GEORGE HERMAN SCHEFFAUER
When Scheffauer was twenty-one he published a poem titled "The Sea of Serenity," which was the basis for a hoax he and Bierce perpetrated in the literary supplement of Hearst's San Francisco Examiner on March 12, 1899. Bierce, introducing the poem, billed it as a lost, unpublished verse by Edgar Allan Poe. There was little public reaction, but Bierce didn't see the prank through. He announced that he was "off the paper," resigned, because Hearst's editors, whom Bierce called "fools, fakers, and freaks," had yellowed and mangled Bierce's column. (Actually he didn't formally quit until 1909.) So it fell to the supplement's editor, Carroll Carrington (who was in on the plot), to admit on April 9, 1899, that the poem wasn't written by Poe, but by Scheffauer.
Bierce later severed relations with Scheffauer over an alleged slight, telling the younger writer in a letter, "If in the future you are convinced that you have become different, and I am still living, my welcoming hand awaits you. And when I forgive I forgive all over, even the new offense."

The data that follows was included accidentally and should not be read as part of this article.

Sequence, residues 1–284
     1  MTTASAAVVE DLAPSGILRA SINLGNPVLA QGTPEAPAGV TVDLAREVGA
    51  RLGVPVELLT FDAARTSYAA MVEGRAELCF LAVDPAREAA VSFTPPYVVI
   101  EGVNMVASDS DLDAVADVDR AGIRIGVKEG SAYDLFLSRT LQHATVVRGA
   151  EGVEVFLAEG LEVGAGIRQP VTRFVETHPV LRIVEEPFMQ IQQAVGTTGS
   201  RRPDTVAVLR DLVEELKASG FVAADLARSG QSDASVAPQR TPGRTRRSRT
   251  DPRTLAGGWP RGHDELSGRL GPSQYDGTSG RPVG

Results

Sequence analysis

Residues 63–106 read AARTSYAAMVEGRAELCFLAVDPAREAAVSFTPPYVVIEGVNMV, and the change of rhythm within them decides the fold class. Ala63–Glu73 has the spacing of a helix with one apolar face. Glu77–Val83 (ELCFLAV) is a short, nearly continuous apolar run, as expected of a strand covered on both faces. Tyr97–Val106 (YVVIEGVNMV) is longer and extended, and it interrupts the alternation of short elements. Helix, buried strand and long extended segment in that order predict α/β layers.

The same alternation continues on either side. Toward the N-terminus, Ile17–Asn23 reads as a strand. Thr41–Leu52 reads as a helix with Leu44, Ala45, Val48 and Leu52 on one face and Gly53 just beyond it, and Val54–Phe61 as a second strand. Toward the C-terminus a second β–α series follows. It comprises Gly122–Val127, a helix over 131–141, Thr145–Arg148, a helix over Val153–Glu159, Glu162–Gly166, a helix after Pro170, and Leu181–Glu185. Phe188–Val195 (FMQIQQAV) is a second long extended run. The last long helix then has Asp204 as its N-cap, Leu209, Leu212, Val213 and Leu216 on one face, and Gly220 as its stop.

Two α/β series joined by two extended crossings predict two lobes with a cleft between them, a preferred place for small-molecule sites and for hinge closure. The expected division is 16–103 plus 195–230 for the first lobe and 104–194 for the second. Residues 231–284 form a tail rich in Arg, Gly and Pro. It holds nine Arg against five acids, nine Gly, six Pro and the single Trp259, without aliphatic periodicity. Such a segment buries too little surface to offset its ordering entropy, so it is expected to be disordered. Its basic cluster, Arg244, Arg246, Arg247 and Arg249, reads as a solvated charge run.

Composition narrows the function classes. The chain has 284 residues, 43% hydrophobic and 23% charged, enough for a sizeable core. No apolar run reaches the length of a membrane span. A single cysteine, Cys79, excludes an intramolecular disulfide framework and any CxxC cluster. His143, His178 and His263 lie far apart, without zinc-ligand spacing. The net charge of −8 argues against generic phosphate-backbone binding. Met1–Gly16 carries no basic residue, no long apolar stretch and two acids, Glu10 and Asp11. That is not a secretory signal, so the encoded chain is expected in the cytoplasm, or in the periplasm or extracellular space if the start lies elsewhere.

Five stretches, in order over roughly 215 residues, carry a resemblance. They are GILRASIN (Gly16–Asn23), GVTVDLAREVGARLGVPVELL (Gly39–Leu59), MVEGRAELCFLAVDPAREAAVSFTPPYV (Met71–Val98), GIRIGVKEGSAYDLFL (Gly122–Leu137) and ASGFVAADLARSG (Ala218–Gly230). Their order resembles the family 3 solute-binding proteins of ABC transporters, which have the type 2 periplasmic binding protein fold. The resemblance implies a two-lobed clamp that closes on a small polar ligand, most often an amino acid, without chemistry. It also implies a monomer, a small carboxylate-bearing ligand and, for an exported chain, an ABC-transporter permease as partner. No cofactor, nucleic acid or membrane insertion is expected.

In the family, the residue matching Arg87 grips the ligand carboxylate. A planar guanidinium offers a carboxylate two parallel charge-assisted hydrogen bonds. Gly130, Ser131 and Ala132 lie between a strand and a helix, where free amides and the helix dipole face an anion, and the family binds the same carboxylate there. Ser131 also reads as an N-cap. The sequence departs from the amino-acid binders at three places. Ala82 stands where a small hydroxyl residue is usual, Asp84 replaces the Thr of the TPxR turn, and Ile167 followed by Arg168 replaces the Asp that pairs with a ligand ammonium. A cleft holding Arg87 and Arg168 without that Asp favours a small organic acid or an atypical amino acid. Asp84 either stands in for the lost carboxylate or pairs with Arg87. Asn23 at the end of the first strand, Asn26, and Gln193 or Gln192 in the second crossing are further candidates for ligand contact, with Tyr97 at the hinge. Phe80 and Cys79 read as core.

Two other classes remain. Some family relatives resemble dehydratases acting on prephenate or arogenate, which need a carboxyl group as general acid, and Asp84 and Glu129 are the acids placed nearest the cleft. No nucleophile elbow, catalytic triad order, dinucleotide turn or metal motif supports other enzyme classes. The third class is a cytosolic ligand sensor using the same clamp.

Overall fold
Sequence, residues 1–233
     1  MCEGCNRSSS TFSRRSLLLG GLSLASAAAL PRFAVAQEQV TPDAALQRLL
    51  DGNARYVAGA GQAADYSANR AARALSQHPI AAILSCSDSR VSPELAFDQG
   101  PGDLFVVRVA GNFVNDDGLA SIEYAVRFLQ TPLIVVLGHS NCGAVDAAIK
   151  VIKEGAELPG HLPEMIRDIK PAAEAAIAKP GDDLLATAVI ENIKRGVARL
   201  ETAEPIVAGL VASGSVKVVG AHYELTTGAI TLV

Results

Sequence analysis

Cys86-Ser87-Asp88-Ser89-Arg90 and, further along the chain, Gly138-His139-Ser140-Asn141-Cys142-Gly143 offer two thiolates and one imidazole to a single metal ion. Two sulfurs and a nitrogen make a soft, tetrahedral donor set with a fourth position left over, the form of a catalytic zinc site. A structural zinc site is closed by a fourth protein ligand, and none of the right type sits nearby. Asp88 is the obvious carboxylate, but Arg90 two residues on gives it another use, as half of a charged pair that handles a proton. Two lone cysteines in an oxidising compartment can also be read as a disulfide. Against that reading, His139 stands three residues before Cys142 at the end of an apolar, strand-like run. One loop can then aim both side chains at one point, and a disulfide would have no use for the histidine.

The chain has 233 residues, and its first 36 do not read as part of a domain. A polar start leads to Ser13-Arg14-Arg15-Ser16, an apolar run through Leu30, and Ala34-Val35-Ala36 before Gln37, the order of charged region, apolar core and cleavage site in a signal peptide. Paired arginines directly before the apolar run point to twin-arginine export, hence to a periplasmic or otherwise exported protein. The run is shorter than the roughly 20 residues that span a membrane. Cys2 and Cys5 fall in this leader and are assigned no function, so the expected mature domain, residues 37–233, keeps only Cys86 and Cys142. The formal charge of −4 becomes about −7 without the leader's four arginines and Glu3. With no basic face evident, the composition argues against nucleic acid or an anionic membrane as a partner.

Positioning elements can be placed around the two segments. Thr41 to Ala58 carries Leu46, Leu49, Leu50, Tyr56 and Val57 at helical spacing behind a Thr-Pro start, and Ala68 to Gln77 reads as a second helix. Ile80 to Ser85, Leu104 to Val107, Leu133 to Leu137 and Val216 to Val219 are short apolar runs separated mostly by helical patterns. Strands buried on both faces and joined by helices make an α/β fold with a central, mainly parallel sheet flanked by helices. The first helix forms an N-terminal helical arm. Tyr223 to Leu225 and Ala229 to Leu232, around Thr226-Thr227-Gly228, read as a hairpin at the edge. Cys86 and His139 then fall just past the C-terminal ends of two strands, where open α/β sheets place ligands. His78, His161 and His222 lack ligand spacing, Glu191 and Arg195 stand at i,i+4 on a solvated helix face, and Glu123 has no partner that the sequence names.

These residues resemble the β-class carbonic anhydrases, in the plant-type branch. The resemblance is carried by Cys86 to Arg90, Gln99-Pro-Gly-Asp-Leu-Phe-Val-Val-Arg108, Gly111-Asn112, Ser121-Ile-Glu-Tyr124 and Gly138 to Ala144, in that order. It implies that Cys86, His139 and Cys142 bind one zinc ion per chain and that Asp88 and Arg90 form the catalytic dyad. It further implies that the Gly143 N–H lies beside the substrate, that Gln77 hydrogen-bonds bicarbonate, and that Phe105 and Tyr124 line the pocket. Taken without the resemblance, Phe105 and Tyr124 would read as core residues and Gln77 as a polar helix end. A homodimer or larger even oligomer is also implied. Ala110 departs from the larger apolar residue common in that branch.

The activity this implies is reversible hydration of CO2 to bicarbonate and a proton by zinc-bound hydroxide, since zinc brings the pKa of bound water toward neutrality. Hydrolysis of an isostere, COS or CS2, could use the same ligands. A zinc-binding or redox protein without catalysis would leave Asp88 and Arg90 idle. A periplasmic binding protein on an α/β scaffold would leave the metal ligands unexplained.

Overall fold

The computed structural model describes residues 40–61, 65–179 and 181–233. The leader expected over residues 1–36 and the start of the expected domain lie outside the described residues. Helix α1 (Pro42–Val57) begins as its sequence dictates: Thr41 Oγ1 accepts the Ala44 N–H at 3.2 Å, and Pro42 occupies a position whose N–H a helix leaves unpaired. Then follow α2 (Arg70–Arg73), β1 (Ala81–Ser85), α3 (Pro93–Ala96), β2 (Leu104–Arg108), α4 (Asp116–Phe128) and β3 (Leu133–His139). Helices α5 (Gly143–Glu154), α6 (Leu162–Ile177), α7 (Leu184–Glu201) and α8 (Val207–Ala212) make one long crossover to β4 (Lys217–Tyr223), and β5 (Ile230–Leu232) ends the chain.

Scheffauer, who published several books of verse, died a suicide after murdering his wife in Berlin in 1927.
A large collection of photos, the Herman George Scheffauer Photograph Album, is archived at the Bancroft Library, UC Berkeley. These photos of Scheffauer with Ambrose Bierce (although one is suspect) are widely available on the Internet.